Well, I didn’t expect that ending when I sat down to write.
I’m really happy with not trying to force my iPad to be my main computer but just use it for what I like doing on it (reading, drawing, some web browsing, Listening to audiobooks while cooking, facetime calls with family back home) and use my Macbook Air for what I like doing on that (writing, editing videos, day job… which is writing, trello, managing and spreadsheets…oh so many spreadsheets.)
If Apple updates iPadOS to make the iPad better for day job work, I might reconsider but I’m not sure why I would now.
I like having a causal device and work devices or having a book/notes open on my iPad with a writing space on my Macbook.
When I was an “iPad only*” person I valued the iPad’s prompting of monotasking. While that hasn’t changed, I’ve since found that the MacBook can be equally low-distracting as it can be seen as a work device (when set up with fewer notifications, not installing certain apps, limits on internet access etc).
In fact, freeing the iPad to be an iPad has allowed me to also make it less distracting. Now I don’t have to use it for work, I can block the internet, uninstall anything that gives a notification related to work, and make it a better consumption and creation device.
If Apple adds more pro apps to the iPad or improves support for multitasking, external windows, split audio etc then fine. I’m sure some blogger will write about how the iPad truly can be anyone’s only computer just as they have for the last X years. (While the verge will also point out how it can’t be your only computer because it doesn’t work well with their CMS).
But whatever happens, I doubt it will affect my workflow much.
(There is a chance that future Chris is really mad at how stupid past Chris is writing this… I guess we’ll see!)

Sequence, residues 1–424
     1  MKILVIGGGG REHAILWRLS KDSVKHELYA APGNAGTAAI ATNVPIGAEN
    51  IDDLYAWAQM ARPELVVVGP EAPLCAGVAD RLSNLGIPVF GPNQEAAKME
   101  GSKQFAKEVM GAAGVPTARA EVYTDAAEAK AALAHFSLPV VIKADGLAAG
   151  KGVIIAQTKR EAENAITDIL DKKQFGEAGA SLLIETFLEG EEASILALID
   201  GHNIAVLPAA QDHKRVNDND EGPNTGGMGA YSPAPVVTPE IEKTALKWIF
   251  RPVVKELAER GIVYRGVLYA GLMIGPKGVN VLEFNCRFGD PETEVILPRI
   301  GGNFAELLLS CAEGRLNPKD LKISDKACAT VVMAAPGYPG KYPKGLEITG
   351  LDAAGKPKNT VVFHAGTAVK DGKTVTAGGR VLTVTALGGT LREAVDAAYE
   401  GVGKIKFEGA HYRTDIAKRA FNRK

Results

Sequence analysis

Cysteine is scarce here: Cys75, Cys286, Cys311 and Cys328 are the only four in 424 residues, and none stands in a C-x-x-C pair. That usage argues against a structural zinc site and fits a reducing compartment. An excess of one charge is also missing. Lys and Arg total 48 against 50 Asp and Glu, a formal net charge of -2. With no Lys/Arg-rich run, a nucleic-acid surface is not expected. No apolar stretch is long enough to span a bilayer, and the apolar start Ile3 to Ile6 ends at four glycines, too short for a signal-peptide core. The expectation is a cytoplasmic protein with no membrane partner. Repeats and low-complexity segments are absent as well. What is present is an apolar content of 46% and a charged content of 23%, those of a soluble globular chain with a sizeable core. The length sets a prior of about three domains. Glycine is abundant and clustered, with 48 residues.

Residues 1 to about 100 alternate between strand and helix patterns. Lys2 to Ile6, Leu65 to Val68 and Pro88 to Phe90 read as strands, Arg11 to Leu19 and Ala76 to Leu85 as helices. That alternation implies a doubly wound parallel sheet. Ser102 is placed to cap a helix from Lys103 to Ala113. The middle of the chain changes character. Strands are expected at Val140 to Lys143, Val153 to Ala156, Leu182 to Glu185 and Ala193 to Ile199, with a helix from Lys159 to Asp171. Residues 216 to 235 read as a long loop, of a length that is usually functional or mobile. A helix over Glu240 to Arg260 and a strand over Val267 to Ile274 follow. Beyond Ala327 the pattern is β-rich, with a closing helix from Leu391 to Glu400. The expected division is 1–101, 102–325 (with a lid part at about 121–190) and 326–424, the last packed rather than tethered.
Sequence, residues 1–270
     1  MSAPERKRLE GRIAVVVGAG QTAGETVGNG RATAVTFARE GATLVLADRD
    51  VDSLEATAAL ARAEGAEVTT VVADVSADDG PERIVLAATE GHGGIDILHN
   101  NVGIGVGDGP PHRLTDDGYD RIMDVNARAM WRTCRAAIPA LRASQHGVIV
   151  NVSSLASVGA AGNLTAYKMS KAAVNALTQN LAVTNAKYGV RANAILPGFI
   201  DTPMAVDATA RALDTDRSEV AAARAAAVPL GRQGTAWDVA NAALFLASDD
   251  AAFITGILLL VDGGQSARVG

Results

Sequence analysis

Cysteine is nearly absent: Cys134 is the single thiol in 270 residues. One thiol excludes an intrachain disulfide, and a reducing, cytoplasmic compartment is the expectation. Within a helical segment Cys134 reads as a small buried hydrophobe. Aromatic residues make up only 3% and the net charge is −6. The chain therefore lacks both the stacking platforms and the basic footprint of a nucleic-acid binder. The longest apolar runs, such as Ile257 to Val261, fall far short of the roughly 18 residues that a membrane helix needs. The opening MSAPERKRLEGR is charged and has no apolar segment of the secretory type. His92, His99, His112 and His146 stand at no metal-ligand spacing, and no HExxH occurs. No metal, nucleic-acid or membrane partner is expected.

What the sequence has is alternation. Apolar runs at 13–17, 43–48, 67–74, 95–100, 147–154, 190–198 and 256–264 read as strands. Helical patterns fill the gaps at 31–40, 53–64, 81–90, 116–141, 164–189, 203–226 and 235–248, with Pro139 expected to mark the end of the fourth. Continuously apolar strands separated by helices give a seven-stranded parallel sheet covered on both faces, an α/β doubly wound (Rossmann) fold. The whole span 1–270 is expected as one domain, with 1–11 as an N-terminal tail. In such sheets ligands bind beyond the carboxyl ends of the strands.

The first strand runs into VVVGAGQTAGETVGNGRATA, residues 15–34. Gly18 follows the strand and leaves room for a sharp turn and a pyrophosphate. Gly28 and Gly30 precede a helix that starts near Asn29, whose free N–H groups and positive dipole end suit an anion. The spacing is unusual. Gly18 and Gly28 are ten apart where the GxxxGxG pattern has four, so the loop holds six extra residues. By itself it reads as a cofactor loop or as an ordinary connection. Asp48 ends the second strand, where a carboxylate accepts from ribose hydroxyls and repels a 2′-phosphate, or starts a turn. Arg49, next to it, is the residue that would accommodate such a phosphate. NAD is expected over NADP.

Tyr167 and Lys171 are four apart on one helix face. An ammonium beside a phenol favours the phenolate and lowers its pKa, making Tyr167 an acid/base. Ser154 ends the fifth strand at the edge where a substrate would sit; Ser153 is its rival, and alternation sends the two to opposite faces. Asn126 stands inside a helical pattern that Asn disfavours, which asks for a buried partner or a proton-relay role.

*terms and conditions apply. Definitions of iPad only may vary and usually don’t include day jobs.
Following a similar feature for the iPhone introduced last year, Apple plans to let users place widgets – miniature apps that can display the weather, upcoming appointments, stock tickers and other data – anywhere on the Home Screen. Users will also be able to replace the entire app grid with only widgets.
This would make me very happy. I can’t believe they didn’t roll out the all widget home screen at the same time as the iPhone so maybe there will be some more significant changes?
Just finished dominion by Tom Holland And here are some thoughts.
Western culture including secularism and humanism have inherently Christian values that drive them.
The cross is significant
The cross, and the symbolism of the Crucified God, the powerful humbling themselves for the powerless, is the key aspect of Christianity.
Christian civil wars
There is an ongoing tension between the letter and spirit of the laws.
The abolition of slavery seems like the most unexpected event. It almost feels as though it was purely the work Benjamin lay. Certainly most cultures didn’t see it as an issue but only appealing to Christian ideas of a common ancestory and the equality of all (no male/female, Jew/Greek) saw it as wrong.
Whenever I have the thought that I can’t believe some co-workers don’t act or think the way I do, I’m wary. Maybe they know something I don’t. Perhaps there’s a different reason for their actions. Probably I don’t do things the way I think as often as I think. Definitely there are other things I do which are irrational or stupid.
And yet, I write this and realise that in truth. I probably don’t have those reflections most of the time and just think the other person’s an idiot.
But I aspire to be more humble, and give the grace to others I wish was given to me.
Best communication channels to provide content/web design updates at my work.
1. A document with comments/track changes.
2. Project management system with comments/attachments etc
3. Email, so there is an easily found record later.
4. Real-time chat application like Slack.
(I’m open to hear about better ideas)
I haven’t counted to know for sure, but I’m fairly certain that our usage is reversed.
From what I’ve heard about Cal Newports new book (a world without email) he seems to advocate for moving from email and real-time chat tools to those more asynchronous and focused channels.